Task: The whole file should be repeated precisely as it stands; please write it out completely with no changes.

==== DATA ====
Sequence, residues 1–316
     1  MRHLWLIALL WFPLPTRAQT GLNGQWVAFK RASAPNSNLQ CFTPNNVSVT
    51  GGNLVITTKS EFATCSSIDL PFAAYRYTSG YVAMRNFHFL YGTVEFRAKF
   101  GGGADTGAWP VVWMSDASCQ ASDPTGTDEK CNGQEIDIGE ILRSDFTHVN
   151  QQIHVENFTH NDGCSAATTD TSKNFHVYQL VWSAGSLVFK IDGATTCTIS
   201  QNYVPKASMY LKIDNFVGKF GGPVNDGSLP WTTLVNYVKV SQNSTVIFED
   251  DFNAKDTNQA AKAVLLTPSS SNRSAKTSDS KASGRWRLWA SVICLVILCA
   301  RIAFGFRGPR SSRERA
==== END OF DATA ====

Sequence, residues 1–316
     1  MRHLWLIALL WFPLPTRAQT GLNGQWVAFK RASAPNSNLQ CFTPNNVSVT
    51  GGNLVITTKS EFATCSSIDL PFAAYRYTSG YVAMRNFHFL YGTVEFRAKF
   101  GGGADTGAWP VVWMSDASCQ ASDPTGTDEK CNGQEIDIGE ILRSDFTHVN
   151  QQIHVENFTH NDGCSAATTD TSKNFHVYQL VWSAGSLVFK IDGATTCTIS
   201  QNYVPKASMY LKIDNFVGKF GGPVNDGSLP WTTLVNYVKV SQNSTVIFED
   251  DFNAKDTNQA AKAVLLTPSS SNRSAKTSDS KASGRWRLWA SVICLVILCA
   301  RIAFGFRGPR SSRERA